Remarkably, despite the strikes, the festival still managed to attract several prominent figures from the realm of entertainment. The enticement for many of them was the opportunity to be honored at the TIFF Tribute Awards, a gala dinner that serves as a fundraiser for TIFF’s philanthropic endeavors. This year’s honorees included Spike Lee, although he did not present a film at the festival, and a cohort of individuals who did: Pedro Almodóvar, writer/director of the Sony Classics short film “Strange Way of Life”; Patricia Arquette, director of the sales title “Gonzo Girl”; Colman Domingo, star of the sales title “Sing Sing,” recently acquired by A24, and also featured in Netflix’s “Rustin”; Vicki Krieps, star of the sales title “The Dead Don’t Hurt”; Łukasz Żal, the cinematographer behind A24’s “The Zone of Interest”; and Shawn Levy, director of the Netflix limited series “All the Light We Cannot See.”

    Furthermore, many of the presenters at the Tribute Awards had ties to projects showcased at the festival. Barry Jenkins, presumably accompanying his partner Lulu Wang, director of the Amazon limited series “Expats”; Willem Dafoe and Camila Morrone, stars of Arquette’s film; Taika Waititi, director of the Searchlight film “Next Goal Wins”; and Viggo Mortensen, director of Krieps’ film, all graced the festival with their presence.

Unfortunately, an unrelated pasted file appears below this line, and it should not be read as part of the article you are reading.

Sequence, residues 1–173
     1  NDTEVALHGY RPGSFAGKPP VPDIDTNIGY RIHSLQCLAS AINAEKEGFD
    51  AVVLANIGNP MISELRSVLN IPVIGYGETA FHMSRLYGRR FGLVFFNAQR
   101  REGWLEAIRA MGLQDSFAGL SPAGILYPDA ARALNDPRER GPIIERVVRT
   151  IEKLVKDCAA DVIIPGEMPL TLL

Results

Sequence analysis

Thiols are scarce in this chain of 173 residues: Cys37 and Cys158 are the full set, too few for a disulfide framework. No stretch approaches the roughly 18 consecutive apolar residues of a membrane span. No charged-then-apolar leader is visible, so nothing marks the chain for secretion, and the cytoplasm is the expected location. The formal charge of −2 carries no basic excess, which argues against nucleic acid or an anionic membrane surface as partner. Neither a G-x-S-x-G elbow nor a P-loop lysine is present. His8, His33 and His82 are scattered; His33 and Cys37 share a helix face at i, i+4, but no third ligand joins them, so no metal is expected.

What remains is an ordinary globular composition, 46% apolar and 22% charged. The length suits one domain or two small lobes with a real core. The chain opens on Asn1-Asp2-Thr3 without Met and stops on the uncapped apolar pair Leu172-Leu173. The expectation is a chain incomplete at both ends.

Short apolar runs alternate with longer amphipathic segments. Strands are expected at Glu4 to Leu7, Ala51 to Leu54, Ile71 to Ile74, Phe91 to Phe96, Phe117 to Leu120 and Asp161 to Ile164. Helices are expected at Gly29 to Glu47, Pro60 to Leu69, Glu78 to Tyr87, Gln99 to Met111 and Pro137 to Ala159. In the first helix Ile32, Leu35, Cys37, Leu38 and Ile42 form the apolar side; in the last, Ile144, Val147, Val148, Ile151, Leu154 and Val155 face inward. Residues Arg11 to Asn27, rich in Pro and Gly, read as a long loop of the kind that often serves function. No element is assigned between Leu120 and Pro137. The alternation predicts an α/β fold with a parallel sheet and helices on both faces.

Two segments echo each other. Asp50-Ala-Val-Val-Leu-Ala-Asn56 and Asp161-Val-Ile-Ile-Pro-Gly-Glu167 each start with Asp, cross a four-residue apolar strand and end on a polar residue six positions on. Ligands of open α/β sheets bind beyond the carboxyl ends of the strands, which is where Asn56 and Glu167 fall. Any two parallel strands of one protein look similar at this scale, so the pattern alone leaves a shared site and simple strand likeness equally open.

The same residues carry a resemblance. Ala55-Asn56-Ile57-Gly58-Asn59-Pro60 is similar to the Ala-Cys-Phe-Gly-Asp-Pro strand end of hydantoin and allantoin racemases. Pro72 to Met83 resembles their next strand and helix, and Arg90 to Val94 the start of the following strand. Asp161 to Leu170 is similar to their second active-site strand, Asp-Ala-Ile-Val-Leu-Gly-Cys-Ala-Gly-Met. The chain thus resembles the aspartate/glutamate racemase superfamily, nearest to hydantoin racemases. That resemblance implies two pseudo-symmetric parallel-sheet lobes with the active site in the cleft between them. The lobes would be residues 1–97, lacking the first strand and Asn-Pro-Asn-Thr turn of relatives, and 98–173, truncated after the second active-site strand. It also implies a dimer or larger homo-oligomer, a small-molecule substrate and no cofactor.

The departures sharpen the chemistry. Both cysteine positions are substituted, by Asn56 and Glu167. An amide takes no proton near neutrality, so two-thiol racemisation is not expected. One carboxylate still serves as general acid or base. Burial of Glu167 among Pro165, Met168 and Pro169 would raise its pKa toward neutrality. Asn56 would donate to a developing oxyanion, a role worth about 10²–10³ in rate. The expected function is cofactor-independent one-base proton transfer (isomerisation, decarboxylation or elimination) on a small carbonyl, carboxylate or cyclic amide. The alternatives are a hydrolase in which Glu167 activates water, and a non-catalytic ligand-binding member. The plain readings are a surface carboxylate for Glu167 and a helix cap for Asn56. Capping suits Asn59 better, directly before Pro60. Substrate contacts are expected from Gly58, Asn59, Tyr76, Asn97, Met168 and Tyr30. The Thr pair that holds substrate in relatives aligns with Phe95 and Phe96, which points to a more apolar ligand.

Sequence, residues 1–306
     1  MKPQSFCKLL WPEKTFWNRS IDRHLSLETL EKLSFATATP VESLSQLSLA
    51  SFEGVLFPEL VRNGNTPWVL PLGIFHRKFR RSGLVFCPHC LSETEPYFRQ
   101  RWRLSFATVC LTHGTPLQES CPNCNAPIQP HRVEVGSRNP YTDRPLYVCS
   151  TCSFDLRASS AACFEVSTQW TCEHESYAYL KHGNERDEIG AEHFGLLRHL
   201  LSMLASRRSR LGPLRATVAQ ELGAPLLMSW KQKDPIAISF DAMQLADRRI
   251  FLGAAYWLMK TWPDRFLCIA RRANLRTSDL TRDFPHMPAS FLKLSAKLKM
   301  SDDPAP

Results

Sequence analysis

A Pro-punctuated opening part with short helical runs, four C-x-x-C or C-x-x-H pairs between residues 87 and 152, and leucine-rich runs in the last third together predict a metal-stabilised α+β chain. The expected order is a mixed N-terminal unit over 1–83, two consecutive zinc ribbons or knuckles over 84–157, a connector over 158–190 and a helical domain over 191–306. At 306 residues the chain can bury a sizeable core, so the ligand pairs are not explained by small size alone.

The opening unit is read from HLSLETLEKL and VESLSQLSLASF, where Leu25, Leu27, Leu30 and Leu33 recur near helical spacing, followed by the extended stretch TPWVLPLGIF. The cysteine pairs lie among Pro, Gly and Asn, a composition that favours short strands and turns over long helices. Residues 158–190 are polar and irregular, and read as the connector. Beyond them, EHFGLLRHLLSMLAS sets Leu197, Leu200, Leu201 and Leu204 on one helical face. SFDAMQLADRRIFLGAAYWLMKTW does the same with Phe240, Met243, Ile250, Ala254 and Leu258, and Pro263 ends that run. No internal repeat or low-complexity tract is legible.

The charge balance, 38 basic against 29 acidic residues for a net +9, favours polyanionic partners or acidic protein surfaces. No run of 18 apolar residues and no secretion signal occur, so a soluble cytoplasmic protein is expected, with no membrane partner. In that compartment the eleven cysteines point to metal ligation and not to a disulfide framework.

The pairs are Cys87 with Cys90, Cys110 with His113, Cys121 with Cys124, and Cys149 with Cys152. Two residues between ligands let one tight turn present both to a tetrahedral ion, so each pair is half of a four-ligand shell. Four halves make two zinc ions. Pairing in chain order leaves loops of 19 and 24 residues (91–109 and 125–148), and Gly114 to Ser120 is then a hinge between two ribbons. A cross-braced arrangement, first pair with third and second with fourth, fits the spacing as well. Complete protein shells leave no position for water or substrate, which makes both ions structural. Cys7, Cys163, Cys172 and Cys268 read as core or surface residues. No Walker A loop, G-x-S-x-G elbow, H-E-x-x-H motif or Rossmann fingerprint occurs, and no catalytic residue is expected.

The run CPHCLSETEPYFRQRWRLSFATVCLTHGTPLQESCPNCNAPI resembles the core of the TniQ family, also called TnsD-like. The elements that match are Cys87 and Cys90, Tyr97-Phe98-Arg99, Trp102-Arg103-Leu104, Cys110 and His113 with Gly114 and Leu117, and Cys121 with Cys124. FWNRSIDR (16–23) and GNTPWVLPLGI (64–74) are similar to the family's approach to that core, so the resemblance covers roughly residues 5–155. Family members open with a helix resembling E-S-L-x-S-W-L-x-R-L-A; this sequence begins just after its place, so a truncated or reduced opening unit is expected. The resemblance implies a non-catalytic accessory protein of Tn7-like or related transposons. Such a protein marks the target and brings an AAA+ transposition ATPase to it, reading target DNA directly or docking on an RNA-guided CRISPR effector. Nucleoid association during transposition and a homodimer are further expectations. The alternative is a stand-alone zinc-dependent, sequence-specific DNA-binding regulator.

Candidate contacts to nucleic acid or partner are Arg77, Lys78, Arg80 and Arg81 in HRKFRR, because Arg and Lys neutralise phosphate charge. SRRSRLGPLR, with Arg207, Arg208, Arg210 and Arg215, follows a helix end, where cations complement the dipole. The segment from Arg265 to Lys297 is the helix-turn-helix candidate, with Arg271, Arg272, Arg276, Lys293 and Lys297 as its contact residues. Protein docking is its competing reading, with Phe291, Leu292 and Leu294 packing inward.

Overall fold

In addition to these luminaries, several other stars attended TIFF solely to partake in the premieres of films, thanks to waivers or unique circumstances. Among them were Nicolas Cage, star of A24’s “Dream Scenario”; Christian Friedel, featured in “The Zone of Interest”; Elliot Page, star of the sales title “Backspot”; and Neve Campbell, executive producer of the documentary “Swan Song.”

    But what were the festival’s highest-profile world premieres?

    Remarkably, a vast majority of the films with aspirations for awards recognition that descended upon TIFF had already made appearances at other renowned film festivals. They hailed from Sundance, Berlin, Cannes, Telluride, and Venice, having traversed a multitude of cinematic landscapes before reaching Toronto. This presented an intriguing dynamic for TIFF, as few of the highly anticipated award season contenders chose to premiere at the festival. Nevertheless, this year’s festival showcased resilience, and a few films managed to garner attention.